And what sort of "change" do you suppose that might be?

Well, let me take a wild stab in the dark: I think it might just possibly involve an even greater diminution of individual responsibility, and an even greater aggrandizement of The State than what we're already stuck with.


*A total lie, it seems - the train runs about 300 yards away from the school.

December 24, 2011

Christmas Contributor Omnibus


(For our Christmas post this year, several contributors have turned in Christmas meditations. Each will be labeled separately with the name of its actual author.)

Paul Cella

Among the chief features of Christmas is a grand paradox: one that overthrew the world. The most vulnerable thing imaginable, an infant new to the world, was the Creator and Judge of the world. The greatness of the Christian creed emanates from this stupendous reversal. There in a manger is the germ of all charity, all sacrificial love, and the brotherhood of man. That any unbeliever ever thought to look sympathetically upon the downtrodden, the lowly, poor, is merely a distant afterimage of that original condescension of divinity to our poor, nasty, brutish and lowly human estate.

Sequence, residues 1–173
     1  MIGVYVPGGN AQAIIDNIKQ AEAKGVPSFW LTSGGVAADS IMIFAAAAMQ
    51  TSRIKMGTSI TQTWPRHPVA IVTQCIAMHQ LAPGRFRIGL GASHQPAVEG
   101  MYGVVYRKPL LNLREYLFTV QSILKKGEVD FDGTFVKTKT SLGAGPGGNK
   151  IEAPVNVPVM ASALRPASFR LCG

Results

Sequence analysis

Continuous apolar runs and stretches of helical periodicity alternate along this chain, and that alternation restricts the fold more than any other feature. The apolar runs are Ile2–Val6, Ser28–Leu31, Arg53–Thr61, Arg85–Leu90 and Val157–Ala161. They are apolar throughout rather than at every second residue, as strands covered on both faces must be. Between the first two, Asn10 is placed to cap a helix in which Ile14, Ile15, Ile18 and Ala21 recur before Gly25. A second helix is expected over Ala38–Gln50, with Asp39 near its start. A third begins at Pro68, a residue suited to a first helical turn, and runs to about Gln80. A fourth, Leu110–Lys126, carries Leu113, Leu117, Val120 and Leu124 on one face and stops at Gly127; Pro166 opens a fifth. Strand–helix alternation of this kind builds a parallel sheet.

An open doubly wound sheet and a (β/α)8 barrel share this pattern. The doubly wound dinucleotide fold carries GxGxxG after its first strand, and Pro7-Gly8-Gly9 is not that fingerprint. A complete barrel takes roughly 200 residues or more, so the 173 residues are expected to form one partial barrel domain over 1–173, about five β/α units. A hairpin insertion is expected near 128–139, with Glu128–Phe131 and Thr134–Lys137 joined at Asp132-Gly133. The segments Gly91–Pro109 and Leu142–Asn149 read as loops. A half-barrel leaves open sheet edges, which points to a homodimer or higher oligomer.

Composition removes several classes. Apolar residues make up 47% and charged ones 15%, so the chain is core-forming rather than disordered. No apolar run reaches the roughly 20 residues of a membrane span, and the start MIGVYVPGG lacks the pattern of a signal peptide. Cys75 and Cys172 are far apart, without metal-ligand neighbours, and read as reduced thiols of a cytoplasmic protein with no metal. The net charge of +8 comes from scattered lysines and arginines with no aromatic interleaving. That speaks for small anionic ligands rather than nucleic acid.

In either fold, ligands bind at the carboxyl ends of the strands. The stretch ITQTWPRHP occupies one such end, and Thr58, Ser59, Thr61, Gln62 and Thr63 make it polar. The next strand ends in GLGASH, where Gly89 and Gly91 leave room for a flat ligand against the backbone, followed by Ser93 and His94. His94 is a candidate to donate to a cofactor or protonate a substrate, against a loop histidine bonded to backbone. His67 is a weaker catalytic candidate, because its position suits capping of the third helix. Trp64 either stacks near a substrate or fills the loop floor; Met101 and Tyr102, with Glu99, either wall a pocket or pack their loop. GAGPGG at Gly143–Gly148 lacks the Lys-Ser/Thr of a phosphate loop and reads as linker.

Being myself the father of a newborn (pictured below), the helplessness of babes impresses my mind quite directly. The ancient world exposed and slaughtered its infants regularly. The decaying modern world slaughters them as well. The creed of the cross of Christ calls its Savior one.

And it does so on this, our most joyous day.

(And go Broncos!)


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December 25, 2011


Hey, would you believe it? The MSM has finally discovered the game of "Knock-out King!"


Needless to say, the word "black" is nowhere to be found in this ABC "news" story. Nor are the words "African-American."

Nah, the perps are just...ummm..."young people...young men or even boys as young as 12, and teenage girls in some cases...young people...juveniles...adolescent and early adults, largely male...teens...teens...teens...young people...students..."

On the plus side, we do get some of the basic facts: